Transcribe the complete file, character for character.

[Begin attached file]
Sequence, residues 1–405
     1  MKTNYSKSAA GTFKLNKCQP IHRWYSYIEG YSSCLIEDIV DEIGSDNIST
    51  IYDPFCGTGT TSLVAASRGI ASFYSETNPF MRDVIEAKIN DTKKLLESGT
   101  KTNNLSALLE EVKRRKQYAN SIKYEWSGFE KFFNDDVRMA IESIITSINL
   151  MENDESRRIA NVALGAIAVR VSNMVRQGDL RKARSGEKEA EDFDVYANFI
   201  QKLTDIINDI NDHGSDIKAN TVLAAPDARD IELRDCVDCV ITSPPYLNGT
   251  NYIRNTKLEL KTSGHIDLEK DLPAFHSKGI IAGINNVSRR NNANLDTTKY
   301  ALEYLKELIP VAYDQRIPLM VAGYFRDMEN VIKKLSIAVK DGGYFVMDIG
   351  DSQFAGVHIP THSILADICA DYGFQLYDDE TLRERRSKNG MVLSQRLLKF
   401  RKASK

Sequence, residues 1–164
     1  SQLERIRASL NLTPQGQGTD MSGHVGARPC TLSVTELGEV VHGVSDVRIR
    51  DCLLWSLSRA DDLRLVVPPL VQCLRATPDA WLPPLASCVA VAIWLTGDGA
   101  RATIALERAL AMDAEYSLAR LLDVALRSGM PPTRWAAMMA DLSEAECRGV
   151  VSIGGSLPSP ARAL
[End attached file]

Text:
Sequence, residues 1–405
     1  MKTNYSKSAA GTFKLNKCQP IHRWYSYIEG YSSCLIEDIV DEIGSDNIST
    51  IYDPFCGTGT TSLVAASRGI ASFYSETNPF MRDVIEAKIN DTKKLLESGT
   101  KTNNLSALLE EVKRRKQYAN SIKYEWSGFE KFFNDDVRMA IESIITSINL
   151  MENDESRRIA NVALGAIAVR VSNMVRQGDL RKARSGEKEA EDFDVYANFI
   201  QKLTDIINDI NDHGSDIKAN TVLAAPDARD IELRDCVDCV ITSPPYLNGT
   251  NYIRNTKLEL KTSGHIDLEK DLPAFHSKGI IAGINNVSRR NNANLDTTKY
   301  ALEYLKELIP VAYDQRIPLM VAGYFRDMEN VIKKLSIAVK DGGYFVMDIG
   351  DSQFAGVHIP THSILADICA DYGFQLYDDE TLRERRSKNG MVLSQRLLKF
   401  RKASK

Sequence, residues 1–164
     1  SQLERIRASL NLTPQGQGTD MSGHVGARPC TLSVTELGEV VHGVSDVRIR
    51  DCLLWSLSRA DDLRLVVPPL VQCLRATPDA WLPPLASCVA VAIWLTGDGA
   101  RATIALERAL AMDAEYSLAR LLDVALRSGM PPTRWAAMMA DLSEAECRGV
   151  VSIGGSLPSP ARAL